Goldman Sachs’ Profit Tops Expectations Because To Its Strengths In Wealth Management And Trading

Goldman Sachs Group Inc reported a 43 per cent reduction in earnings on Friday, but topped Wall Street estimates, thanks to strong results in its wealth management and trading operations, which partially offset a drop in equity underwriting as stock market listings dried up.

Wall Street banks have been under pressure due to a global slowdown in dealmaking, but Goldman’s trading desks outperformed expectations because to volatility fuelled by concerns about interest rate hikes and the economic consequences from the Ukraine war.

The bank’s global markets sector posted net income of $7.87 billion, up 4% from last year, when the US Federal Reserve’s accommodating monetary policy prompted a surge in trading activity. According to the bank, the strong performance was fueled by a 21 per cent increase in fixed income revenue.

Under the leadership of Chief Executive David Solomon, the Wall Street bank has been taking steps to diversify its revenue stream and earn more from stable sources such as consumer banking, wealth management, and asset management.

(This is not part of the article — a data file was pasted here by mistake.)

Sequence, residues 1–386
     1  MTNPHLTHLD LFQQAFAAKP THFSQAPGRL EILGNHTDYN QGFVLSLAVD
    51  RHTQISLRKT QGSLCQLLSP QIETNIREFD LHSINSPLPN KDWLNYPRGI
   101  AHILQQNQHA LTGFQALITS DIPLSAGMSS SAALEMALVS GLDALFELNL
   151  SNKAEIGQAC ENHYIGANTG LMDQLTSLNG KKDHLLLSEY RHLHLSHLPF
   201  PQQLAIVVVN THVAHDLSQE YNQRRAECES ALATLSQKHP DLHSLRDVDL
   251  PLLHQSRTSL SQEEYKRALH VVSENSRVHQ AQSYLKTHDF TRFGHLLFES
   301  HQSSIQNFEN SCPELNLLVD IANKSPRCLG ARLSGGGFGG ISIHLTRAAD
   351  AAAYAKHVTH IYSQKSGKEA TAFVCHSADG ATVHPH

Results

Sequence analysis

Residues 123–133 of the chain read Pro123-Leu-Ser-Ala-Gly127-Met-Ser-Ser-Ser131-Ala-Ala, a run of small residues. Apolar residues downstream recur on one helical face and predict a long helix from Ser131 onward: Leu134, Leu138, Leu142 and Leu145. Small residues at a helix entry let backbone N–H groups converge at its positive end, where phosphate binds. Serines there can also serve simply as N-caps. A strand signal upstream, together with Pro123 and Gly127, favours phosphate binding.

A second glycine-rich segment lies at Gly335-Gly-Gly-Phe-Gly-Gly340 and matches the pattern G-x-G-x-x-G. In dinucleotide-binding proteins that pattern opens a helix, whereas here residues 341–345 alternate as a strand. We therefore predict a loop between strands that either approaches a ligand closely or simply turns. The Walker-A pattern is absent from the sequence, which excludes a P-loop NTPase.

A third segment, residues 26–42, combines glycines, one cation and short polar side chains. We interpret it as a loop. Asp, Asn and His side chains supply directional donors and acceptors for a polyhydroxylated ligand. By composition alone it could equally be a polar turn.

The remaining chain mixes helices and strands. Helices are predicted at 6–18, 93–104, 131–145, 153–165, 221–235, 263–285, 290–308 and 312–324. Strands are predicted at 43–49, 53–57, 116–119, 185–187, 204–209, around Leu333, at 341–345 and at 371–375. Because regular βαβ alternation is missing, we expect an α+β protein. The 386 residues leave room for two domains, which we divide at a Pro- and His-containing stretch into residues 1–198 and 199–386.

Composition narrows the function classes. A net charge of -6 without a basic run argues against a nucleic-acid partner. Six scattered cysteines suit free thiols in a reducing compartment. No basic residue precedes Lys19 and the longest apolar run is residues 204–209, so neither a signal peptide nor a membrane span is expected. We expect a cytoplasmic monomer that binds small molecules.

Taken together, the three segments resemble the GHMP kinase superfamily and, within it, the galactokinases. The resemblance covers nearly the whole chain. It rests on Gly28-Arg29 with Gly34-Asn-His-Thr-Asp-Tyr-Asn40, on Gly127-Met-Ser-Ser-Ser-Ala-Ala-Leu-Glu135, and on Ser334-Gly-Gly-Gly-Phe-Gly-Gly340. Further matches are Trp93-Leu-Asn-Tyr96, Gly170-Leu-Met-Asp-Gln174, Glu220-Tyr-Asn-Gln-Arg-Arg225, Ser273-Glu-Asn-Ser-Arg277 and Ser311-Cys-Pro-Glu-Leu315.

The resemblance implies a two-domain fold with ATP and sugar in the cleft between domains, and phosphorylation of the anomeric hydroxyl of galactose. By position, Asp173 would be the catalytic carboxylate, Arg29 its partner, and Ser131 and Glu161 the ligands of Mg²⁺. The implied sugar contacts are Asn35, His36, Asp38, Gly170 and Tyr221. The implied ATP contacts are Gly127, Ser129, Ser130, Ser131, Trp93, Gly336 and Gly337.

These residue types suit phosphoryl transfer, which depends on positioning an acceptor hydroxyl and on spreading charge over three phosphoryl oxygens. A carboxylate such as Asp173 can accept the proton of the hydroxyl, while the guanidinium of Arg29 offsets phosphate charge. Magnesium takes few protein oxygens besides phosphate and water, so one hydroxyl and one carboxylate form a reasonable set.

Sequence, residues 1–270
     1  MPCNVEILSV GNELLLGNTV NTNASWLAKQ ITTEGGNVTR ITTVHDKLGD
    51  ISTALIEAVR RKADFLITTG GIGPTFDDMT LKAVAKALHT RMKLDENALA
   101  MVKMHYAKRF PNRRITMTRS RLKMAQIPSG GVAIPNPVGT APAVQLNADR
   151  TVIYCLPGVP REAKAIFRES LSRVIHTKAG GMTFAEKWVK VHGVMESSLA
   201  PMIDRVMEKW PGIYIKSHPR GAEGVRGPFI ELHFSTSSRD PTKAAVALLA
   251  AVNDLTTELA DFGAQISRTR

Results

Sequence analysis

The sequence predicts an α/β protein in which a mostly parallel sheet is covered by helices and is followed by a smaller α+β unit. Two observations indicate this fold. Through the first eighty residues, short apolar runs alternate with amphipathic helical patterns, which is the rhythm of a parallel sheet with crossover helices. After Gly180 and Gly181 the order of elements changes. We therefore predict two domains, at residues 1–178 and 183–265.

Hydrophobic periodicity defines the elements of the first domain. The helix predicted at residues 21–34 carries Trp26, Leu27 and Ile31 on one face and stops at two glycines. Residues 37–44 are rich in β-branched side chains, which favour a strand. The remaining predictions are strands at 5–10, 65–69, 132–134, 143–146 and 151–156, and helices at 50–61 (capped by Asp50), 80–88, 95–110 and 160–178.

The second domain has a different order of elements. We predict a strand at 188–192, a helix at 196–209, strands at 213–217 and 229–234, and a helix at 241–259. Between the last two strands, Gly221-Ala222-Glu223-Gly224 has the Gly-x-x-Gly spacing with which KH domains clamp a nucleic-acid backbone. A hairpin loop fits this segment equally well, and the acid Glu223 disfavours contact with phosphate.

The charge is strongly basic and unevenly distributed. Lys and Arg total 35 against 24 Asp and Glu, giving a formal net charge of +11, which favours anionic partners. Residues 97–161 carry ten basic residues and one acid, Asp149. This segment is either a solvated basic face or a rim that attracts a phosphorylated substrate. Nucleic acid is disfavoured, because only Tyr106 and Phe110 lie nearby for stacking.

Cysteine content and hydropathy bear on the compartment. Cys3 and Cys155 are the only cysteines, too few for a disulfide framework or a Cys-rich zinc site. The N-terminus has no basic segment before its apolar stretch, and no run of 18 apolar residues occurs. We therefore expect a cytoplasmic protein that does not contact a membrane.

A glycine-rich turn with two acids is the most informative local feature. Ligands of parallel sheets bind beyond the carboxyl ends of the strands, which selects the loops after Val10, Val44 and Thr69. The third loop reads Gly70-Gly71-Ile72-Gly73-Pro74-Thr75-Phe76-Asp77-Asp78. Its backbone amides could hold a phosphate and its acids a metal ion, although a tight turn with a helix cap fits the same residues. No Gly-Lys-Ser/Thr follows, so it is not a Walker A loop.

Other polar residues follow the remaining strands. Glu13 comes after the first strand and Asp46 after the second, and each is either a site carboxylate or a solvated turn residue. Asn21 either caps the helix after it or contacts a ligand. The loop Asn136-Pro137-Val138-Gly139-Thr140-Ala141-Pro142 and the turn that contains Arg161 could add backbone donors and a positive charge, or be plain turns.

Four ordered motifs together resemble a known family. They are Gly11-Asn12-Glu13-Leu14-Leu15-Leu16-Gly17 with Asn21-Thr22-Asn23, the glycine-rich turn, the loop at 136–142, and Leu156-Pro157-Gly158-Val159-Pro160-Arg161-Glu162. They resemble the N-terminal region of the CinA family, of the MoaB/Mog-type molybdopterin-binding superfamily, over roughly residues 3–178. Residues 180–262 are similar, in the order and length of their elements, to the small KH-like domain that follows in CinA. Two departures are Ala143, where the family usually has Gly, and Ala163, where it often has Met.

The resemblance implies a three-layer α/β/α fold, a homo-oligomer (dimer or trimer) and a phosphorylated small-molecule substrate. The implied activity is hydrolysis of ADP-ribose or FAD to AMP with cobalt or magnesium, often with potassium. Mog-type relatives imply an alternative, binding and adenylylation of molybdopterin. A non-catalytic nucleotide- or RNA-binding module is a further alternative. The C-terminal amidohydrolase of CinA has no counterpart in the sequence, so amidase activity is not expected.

Higher management fees and credit card balances helped Consumer and Wealth Management increase net sales by 21 percent to $2.10 billion.

Investment banking revenue, on the other hand, fell 36 per cent to $2.41 billion, as fees from stock market listing advice and debt underwriting fell in the face of rising tensions between Russia and Ukraine.

“It was a turbulent quarter dominated by the devastating invasion of Ukraine,” Solomon said. Goldman was the first major U.S. bank to retreat from Russia.

“The rapidly evolving market environment had a significant effect on client activity as risk intermediation came to the fore and equity issuance came to a near standstill,” Solomon added.

In stark contrast to rival Morgan Stanley, whose revenue from the division increased, Goldman’s revenue from deal advice stayed relatively steady at $1.13 billion.

Dealmaking slowed in the quarter as the US Federal Reserve began to wean the economy off pandemic-era support, casting a pall over some of Goldman’s most lucrative operations.

In the quarter, Goldman decreased operational expenses by 18 per cent, owing primarily to lower salary and benefits spending.

In the first quarter, the bank made $3.83 billion in profit applicable to common shareholders, or $10.76 per share. According to Refinitiv statistics, analysts projected $8.89 per share.

In the third quarter, total net revenue was $12.93 billion, down about 27 per cent from the previous year.

(Adapted from Reuters.com)

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